London Calling to the Imitation Zone
The year was 2013. BBC’s Sherlock was waiting for a highly anticipated third season, CBS’s Elementary had premiered its second season, yet another iteration of Lupin III had just premiered the year before and the 125th anniversary of the Jack the Ripper murders. Meanwhile, in Japan, a Victorian-era visual novel called London Detective Mysteria sees release.
London Detective Mysteria is the story of high-born Emily Whiteley and her posse of derivative Victorian-era detectives and villains. There’s Herlock Holmes and William Watson, sons to the famous mystery-solving duo, Jane Marple the granddaughter of Ms. Marple and Jack Millers aka Jack the Ripper. On the lesser-known side, there is Lupine, son of famous gentleman thief Arsene Lupin, Akechi and Kobayashi, the progeny of Edogawa’s famous detectives, and Moriarty, Colonel Moran and Queen Victoria, to round out the cast for good measure. One of the few non-derivative characters, other than the heroine, is her long-suffering and almost super-human butler Pendleton.
Twelve Little Englishmen | A Cast of Characters
Like any otome game, LDM follows the story of Emily as she becomes one of the Queen’s detectives, enrolls at a special academy for teenage detectives and seeks to find the love of her life from five set choices. Oh yeah, and she tries to find out who viciously murdered her parents when she was just a child. While this sounds like it sets up an interesting mystery, it’s actually where the game falls short. Emily’s story is very centric to whoever ends up becoming her love interest, and her personality changes in turn. While the romances are cute, there’s nothing particularly novel about any of them, unless you have a gentleman thief or serial killer fetish. The game, however, does force you to play through all of the different paths before it finally unveils the grand solution to the mystery in order to give Emily some closure.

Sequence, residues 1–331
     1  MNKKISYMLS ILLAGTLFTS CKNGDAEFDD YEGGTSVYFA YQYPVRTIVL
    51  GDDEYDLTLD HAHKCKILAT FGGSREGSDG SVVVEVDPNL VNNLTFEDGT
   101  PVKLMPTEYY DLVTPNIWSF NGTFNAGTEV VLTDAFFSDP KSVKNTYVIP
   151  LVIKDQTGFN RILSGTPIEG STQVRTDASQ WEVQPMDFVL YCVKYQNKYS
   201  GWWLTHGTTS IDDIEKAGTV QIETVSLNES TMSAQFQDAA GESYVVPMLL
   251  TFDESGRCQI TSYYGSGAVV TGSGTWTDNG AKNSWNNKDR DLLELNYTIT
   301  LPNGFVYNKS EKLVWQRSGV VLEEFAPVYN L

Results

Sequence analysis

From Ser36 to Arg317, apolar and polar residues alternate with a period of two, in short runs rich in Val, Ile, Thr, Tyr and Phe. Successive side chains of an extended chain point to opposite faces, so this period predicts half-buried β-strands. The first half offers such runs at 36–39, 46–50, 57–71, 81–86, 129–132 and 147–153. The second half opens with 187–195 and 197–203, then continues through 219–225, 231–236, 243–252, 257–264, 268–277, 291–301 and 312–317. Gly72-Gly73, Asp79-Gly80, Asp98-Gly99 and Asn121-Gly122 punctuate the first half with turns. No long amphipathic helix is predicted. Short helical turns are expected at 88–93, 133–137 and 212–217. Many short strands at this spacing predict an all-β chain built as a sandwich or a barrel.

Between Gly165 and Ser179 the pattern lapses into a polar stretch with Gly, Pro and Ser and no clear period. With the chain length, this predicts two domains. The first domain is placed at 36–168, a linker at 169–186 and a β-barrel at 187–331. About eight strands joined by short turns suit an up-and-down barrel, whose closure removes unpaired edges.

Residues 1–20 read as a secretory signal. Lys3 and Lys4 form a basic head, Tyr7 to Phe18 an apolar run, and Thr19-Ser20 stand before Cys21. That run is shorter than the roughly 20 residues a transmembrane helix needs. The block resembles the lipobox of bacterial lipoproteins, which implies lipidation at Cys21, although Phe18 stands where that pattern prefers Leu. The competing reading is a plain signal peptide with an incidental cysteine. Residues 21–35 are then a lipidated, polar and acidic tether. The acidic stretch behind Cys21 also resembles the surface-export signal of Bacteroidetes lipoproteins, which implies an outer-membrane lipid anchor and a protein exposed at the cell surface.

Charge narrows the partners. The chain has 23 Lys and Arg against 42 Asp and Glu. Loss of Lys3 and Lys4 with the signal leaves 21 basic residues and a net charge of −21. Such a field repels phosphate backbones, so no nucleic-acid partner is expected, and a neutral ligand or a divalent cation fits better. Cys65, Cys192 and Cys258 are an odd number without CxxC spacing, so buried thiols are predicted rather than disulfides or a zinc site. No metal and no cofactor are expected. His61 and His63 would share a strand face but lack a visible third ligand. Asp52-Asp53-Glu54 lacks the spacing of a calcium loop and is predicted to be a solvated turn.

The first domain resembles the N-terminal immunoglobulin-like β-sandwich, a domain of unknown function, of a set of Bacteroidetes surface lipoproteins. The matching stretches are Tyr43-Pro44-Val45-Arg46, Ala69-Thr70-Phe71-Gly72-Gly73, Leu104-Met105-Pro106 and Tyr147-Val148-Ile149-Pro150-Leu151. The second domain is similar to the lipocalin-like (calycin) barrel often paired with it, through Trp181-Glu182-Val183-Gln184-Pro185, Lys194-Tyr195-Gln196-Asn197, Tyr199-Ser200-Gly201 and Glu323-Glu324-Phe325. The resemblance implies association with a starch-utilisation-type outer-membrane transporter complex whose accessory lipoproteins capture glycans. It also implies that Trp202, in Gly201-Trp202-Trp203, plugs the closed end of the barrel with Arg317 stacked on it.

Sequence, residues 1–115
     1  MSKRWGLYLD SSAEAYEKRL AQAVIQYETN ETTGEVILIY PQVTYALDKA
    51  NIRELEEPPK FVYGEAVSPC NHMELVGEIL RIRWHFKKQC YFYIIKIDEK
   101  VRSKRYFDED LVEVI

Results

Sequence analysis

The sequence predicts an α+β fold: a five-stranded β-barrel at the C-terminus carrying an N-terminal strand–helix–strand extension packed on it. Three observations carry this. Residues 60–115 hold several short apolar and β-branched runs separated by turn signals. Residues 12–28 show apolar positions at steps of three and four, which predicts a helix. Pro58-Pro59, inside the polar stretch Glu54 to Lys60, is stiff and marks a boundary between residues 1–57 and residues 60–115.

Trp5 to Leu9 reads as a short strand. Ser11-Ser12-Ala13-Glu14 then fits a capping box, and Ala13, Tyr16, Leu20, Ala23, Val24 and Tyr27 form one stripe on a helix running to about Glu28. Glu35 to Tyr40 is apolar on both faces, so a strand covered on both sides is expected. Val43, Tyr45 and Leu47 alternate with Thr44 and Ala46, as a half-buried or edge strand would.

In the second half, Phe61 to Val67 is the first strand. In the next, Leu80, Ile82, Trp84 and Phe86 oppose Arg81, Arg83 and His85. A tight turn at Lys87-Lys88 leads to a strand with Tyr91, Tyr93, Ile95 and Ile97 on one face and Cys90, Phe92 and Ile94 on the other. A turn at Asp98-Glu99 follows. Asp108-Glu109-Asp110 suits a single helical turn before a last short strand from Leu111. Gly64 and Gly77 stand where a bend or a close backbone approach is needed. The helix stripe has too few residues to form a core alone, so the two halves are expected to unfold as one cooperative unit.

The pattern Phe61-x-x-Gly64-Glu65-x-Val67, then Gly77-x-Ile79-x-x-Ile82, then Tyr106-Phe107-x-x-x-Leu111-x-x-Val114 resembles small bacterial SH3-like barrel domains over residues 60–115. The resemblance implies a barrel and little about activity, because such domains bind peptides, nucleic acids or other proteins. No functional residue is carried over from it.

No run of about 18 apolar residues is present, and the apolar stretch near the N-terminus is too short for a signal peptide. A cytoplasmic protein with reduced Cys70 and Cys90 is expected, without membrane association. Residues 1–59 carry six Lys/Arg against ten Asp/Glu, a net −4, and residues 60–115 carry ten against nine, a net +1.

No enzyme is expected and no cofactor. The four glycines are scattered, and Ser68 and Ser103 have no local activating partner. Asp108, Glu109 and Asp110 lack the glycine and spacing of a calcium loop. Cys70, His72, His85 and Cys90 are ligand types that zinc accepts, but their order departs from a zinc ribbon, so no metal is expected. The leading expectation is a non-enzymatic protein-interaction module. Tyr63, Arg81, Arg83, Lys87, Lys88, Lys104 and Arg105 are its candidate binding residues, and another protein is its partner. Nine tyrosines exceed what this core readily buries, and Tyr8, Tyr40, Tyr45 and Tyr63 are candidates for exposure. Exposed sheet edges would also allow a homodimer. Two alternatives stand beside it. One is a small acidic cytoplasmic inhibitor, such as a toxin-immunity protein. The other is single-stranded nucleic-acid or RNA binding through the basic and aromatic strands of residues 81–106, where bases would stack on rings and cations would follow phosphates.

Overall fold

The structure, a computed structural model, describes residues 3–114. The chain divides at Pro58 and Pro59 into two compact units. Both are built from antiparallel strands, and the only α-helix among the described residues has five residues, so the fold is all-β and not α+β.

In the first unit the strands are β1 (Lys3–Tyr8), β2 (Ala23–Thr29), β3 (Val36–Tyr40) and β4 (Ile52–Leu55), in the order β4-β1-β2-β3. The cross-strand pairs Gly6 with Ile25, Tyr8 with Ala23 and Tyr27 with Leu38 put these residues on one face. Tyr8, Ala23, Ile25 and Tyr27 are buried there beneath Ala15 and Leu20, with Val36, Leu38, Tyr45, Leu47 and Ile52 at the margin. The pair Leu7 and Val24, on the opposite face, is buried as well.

The mini-mysteries scattered through the story aren’t particularly hard to figure out. It feels like Emily only occasionally tests her logic and observational prowess. To the translator’s credit, they do try and keep a very Victorian atmosphere in all the text and dialogue, which leads to some hilarious lines, particularly from Watson, and were the chief enjoyment factor of these smaller cases. Pendleton and his sly observations on Emily and her developing relationships were also a joy to watch, and he was one of the wittiest characters by far.
A Study in Stereotypes | Character Flaws in London Detective Mysteria
While the characters are all enjoyable in their own way, they all fall hard into certain stereotypes, and many of them draw too much from their fictional forefathers. Holmes, in particular, suffers from this. Others, like Lupine, only get more depth in service of better fitting a certain character type. Be it bad boy from the wrong side of the tracks, mysterious foreigner or snarky best friend, you'll find it here. Even Pendleton, being an original character, is mainly there to act as Super Butler, fighting, shooting and making a delicious cup of tea at the end of every day. If you’re there just to see cute bishie boys, it works great. If you’ve started this game looking for a real story or mystery, you’ll walk away disappointed.
The game’s controls are standard for visual novels, just point and click, and for those still unsure, there is an optional tutorial/prologue section at the beginning to play through. There are also optional voiceovers, which are unfortunately in Japanese only. I found the voices a nice addition, but it’s hard to judge the acting when you don’t know what part of their dialogue they’re saying at any given time. However, for those fluent, the game does provide the option to run with the original Japanese text.
London Detective Mysteria Review | This Woman is Mine
As typical for otome games, there's some lovely art and music. The boys are all cute, the girls are adorable, and there’s plenty of well-illustrated romantic stop-scenes for you to take a minute and drool over. The game’s soundtrack also has a nice ring to it. Many of the background tracks are soothing and a joy to listen to.
If you’re looking for some generic cute boys to swoon over, or if you have a thing for Victorian fiction, you’ll enjoy London Detective Mysteria. However, for those who are looking for something a bit heavier on the mystery side of the spectrum, you’d be better off playing 999 or a host of other visual novels. While it doesn’t bring anything new to the genre, London Detective Mysteria is a pleasant journey to play.
TechRaptor reviewed London Detective Mysteria on PC on Steam with a key provided by the publisher. It is also available for PlayStation Vita.
- Beautiful Artwork
- Interesting Overarching Mystery
- Relies Too Much On Source Material
- Not Enough Focus On Mystery
- Tired Character Archetypes